No more semi-arbitrary distinction between minor and major updates.
Alongside the new Espresso we’re introducing a new approach to update versioning and licensing, nicknamed “X+1”. On the software side, the naming distinction between small and large updates will disappear. After v3, the next update —however minor— will be v4, and so on. For licenses, the “paid upgrade point” will now be based on your date of purchase instead of relying on the arbitrary definition of a “major” version.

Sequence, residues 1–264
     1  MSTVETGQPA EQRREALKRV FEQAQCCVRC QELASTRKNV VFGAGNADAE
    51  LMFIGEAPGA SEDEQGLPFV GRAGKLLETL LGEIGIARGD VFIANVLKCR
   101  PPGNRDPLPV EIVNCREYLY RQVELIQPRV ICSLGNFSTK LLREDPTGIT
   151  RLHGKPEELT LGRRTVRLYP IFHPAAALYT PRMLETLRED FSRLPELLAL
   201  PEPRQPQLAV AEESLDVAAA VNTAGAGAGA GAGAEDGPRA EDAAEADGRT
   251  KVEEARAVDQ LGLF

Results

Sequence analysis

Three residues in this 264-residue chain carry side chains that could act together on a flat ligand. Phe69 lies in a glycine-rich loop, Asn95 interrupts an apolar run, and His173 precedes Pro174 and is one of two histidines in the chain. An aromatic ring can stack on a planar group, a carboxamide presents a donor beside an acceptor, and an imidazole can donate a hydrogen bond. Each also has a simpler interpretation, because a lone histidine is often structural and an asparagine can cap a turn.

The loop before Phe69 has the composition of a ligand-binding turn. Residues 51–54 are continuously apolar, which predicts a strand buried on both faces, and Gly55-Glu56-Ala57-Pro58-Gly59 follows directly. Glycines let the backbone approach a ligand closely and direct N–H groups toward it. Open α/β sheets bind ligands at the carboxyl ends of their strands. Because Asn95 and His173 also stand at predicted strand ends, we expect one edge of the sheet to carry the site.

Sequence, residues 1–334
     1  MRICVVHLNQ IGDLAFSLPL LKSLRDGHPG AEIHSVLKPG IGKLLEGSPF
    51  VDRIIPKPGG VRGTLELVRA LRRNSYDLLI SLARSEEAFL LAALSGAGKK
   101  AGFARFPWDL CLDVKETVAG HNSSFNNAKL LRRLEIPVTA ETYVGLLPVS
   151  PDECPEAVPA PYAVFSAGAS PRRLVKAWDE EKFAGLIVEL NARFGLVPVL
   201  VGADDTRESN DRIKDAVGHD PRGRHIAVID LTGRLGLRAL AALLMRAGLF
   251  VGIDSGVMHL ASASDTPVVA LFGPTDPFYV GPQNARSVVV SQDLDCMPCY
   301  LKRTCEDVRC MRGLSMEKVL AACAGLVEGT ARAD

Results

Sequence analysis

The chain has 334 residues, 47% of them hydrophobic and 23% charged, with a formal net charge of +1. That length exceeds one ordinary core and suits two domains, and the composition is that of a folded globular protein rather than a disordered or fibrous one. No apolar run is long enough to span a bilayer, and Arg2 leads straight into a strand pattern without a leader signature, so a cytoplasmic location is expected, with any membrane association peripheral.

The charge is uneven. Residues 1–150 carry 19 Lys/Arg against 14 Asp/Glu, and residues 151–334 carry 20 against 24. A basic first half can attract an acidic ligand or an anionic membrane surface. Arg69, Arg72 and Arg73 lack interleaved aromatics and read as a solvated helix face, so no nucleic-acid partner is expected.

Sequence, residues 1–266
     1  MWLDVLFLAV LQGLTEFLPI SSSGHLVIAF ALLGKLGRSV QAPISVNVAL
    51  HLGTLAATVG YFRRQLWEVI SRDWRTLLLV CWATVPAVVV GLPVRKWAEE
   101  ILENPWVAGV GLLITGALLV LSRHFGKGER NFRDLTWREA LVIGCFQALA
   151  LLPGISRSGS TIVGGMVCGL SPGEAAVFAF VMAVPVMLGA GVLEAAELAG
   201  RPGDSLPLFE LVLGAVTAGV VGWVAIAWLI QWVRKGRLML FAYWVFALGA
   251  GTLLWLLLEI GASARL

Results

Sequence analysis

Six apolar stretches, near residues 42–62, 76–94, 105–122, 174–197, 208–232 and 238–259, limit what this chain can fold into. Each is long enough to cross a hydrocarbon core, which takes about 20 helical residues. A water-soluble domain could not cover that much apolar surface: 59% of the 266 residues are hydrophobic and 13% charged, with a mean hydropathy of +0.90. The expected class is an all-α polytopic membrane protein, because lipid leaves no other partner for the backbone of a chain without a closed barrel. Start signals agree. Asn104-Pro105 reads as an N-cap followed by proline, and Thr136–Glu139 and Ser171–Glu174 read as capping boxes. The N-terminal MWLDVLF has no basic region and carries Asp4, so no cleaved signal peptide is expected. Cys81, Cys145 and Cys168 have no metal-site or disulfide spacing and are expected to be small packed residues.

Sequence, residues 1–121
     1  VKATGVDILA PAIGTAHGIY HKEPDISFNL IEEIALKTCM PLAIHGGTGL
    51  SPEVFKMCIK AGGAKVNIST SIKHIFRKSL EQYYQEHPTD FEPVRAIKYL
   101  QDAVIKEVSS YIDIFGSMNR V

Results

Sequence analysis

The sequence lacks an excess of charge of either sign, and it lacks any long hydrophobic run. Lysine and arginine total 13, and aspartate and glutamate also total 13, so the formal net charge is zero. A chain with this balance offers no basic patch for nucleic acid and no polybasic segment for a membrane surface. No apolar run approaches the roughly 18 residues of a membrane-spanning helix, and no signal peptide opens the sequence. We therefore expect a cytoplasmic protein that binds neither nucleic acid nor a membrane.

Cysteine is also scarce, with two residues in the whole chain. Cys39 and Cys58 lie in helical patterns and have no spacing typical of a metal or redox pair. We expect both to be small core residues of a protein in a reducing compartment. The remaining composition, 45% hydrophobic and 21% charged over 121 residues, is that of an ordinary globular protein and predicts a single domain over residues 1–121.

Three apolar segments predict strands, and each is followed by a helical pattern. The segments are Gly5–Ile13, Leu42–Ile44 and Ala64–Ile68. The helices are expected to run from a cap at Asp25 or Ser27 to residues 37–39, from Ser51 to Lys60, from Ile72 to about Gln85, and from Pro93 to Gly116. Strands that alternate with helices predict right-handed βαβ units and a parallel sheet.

The main drive behind this move was the desire to decouple the frequency and size of updates from upgrade revenue concerns. Espresso v3 snowballed into a gigantic rewrite and redesign, albeit an awesome one, partly because the traditional system favors mega-releases to get people interested. We think you, our users, would be better served with smaller but more frequent updates. From our perspective, it’s been lovely iterating during the beta stage, and we’d like to keep on going this way.
Aside from becoming date-of-purchase-based, Espresso licenses remain the same. You can still use the last version within your license period indefinitely (even if you don’t renew), on all your personal Macs. We’re in good company alongside apps like Framer and Sketch, and hope you’ll like the effects of the change.